Islam in Romania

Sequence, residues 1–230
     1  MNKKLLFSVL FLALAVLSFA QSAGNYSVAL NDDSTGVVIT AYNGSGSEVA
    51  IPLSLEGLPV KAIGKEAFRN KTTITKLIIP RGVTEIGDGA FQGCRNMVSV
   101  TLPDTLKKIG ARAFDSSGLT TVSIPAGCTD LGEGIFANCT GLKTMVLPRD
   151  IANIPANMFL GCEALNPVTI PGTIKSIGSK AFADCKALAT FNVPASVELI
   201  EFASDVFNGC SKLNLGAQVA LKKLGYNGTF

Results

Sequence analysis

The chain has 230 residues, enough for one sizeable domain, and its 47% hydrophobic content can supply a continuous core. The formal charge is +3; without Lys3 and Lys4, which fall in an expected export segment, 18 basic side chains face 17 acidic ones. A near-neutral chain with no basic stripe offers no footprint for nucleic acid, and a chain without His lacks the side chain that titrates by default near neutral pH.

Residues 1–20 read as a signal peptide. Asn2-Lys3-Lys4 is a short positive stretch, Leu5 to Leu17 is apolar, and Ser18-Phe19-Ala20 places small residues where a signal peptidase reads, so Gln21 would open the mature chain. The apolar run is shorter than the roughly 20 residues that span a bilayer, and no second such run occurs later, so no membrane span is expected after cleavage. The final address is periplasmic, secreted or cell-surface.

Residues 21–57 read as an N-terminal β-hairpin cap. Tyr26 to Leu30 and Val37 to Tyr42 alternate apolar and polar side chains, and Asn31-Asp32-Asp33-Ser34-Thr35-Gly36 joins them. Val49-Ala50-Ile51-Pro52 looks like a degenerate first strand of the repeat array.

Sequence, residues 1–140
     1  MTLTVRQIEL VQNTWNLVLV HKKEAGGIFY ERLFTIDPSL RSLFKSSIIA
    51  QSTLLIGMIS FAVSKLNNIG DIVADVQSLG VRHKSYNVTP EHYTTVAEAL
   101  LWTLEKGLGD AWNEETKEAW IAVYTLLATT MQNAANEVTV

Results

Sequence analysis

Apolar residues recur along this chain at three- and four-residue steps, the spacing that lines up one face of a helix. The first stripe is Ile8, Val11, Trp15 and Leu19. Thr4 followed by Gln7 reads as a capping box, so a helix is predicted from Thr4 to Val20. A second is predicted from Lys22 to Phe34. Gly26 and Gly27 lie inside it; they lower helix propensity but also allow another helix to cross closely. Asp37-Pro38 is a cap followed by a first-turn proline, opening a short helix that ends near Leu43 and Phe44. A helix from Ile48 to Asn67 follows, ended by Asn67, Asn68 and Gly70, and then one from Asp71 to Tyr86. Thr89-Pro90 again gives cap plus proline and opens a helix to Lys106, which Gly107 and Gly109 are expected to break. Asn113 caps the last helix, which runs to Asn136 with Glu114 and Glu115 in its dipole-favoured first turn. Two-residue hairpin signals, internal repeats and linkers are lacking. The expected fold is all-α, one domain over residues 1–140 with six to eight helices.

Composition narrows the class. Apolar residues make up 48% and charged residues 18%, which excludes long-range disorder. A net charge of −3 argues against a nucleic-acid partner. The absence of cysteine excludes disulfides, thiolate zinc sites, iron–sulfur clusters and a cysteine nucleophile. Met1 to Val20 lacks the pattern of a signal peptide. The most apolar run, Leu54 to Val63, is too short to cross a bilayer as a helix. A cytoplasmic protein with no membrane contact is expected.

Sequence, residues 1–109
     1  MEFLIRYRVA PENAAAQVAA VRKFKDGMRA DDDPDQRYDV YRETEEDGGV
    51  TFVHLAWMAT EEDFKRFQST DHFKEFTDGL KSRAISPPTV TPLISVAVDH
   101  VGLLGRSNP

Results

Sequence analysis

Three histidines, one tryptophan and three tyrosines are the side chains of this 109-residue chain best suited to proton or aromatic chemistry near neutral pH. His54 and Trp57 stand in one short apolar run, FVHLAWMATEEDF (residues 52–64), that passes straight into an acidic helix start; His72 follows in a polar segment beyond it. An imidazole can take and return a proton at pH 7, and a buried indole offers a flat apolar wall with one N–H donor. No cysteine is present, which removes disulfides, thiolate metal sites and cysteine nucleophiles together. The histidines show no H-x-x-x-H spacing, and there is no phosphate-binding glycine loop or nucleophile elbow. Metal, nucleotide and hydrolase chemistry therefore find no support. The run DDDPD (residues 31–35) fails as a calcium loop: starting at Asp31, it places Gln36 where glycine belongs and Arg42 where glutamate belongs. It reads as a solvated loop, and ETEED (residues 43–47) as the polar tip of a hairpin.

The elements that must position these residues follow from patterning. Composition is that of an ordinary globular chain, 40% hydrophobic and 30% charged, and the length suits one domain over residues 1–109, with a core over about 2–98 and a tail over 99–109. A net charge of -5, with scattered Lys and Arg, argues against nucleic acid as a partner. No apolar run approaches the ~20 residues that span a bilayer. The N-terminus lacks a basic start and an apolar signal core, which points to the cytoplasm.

Islam in Romania is followed by only 0.3 percent of population, but has 700 years of tradition in Northern Dobruja, a region on the Black Sea coast which was part of the Ottoman Empire for almost five centuries (ca. 1420-1878). In present-day Romania, most adherents to Islam belong to the Tatar and Turkish ethnic communities and follow the Sunni doctrine. The Islamic religion is one of the 16 rites awarded state recognition.According to tradition, Islam was first established locally around Sufi leader Sari Saltik during the Byzantine epoch. The Islamic presence in Northern Dobruja was expanded by Ottoman overseeing and successive immigration, but has been in steady decline since the late 19th century. In Wallachia and Moldavia, the two Danubian Principalities, the era of Ottoman suzerainty was not accompanied by a growth in the number of Muslims, whose presence there was always marginal. Also linked to the Ottoman Empire, groups of Islamic colonists in other parts of present-day Romania were relocated by the Habsburg expansion or by various other political changes.After Northern Dobruja became part of Romania following the Russo-Turkish War of 1877–1878, the community preserved its self-determining status. This changed during the communist regime, when Romanian Muslims were subject to a measure of supervision by the state, but the group again emancipated itself after the Romanian Revolution of 1989. Its interests are represented by the Muftiyat (Muftiyatul Cultului Musulman din România), which was created as the reunion of two separate such institutions.